California has seen a surge in speeding tickets in the past month as traffic has declined statewide due to COVID-19 restrictions, officials said Wednesday.
What We Know:
- Between March 19 – the day the state’s stay-at-home order went into effect – and April 19, citations for speeding more than 100 mph have increased by 87% according to a California Highway Patrol news release. When gathering the data, CHP and the California Office of Traffic Safety found that roads have been 35% emptier than normal during this same time frame.
- During a speed enforcement operation on the 5 Freeway in Southern California last week, CHP officers pulled over 14 drivers traveling more than 100 mph. The fastest was clocked at 119 mph, according to the Highway Patrol.
- “Speeding is dangerous, and you’re going to get yourself killed or kill somebody else,” said CHP Officer Michael Harris. “And that’s what we don’t want to happen.”
“It is alarming to see the number of citations officers are writing for excessive speeds on California roadways.” – CHP Commissioner Warren Stanley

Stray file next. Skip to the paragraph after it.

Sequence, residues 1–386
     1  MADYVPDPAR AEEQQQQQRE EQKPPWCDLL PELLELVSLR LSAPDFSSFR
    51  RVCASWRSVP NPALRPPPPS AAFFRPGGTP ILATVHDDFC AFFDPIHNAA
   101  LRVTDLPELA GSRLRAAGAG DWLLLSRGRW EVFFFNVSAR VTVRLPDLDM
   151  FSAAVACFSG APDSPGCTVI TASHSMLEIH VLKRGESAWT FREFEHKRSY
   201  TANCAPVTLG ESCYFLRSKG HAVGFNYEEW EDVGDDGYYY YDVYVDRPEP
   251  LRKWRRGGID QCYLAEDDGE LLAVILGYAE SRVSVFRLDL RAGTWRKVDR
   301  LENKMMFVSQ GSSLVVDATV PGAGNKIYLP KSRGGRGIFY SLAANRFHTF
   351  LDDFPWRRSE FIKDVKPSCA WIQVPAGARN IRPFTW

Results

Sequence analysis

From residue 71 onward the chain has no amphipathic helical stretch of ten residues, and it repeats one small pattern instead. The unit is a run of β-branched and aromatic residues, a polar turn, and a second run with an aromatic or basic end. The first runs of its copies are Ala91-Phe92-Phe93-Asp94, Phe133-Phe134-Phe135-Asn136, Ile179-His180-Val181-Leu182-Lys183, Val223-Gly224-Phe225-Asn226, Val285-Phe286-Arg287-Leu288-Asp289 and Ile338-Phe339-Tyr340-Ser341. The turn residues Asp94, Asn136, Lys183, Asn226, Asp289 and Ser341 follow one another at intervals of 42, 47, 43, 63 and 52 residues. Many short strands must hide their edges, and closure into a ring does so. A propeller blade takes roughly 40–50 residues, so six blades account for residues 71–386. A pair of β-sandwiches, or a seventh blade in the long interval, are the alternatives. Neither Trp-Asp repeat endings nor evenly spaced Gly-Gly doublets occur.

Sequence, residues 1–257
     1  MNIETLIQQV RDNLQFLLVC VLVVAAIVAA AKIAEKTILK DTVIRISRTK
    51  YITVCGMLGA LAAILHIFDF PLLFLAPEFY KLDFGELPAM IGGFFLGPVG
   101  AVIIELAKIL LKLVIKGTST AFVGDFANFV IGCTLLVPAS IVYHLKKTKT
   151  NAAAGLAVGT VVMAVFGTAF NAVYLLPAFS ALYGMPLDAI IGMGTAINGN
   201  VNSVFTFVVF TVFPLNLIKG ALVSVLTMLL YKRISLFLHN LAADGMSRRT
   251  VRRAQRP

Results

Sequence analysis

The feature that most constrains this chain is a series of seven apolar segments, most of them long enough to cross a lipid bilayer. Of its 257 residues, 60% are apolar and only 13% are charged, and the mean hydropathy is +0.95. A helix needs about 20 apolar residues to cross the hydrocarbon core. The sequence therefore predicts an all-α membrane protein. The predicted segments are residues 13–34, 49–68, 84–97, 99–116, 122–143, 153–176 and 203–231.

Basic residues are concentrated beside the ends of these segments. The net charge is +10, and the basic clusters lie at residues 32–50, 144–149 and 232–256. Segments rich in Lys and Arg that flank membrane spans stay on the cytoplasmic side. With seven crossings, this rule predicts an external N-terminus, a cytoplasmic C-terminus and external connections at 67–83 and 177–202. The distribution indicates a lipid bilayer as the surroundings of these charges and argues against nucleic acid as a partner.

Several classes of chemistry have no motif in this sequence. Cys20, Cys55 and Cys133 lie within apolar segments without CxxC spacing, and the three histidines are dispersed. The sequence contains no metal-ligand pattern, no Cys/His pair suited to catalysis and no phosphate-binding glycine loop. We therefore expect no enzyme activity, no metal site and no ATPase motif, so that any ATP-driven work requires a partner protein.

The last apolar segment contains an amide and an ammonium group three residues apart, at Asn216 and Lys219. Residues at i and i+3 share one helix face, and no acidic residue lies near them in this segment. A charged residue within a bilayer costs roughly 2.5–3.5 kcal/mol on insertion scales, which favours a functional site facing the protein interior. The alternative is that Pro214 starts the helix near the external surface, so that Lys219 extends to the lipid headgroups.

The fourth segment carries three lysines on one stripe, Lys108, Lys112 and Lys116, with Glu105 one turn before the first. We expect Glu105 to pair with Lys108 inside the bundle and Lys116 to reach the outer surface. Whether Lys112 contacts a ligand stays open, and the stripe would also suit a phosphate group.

- As speeding increases so do the departments’ worries over the essential workers driving these roads to work, and the Caltrans employees working on them during the pandemic.
- The fact that roads are emptier does not make speeding safe, officials warn. Caltrans Director Toks Omishakin added that driving at excess speeds also puts others at risks, including construction and maintenance crews who are working during the pandemic.
- CHP, Caltrans, and the California Office of Traffic Safety have a joint message to drivers: “Slow down.” Hundreds of electronic highway signs across the state feature safety related messages that read, “If you must travel do not speed” and “Keep essential workers safe do not speed,” according to CHP.
Speeding is against the law.
But the stakes are even higher during #COVID19.
Your highway message signs now:
IF YOU MUST
DO NOT SPEED
— Caltrans HQ (@CaltransHQ) April 22, 2020
- Fraser Shilling, a road ecologist at the University of California, Davis, has been analyzing California’s traffic data during the stay-at-home order. In the first three weeks of the order, compared to the month before, his team found:
- The daily rate of collisions and traffic fatalities and injuries dropped by half.
- Fewer collisions mean the state is saving one billion dollars in response costs.
- Sacramento ERs reported treating roughly 40% fewer trauma victims.
“Please slow down and Be Work Zone Alert.”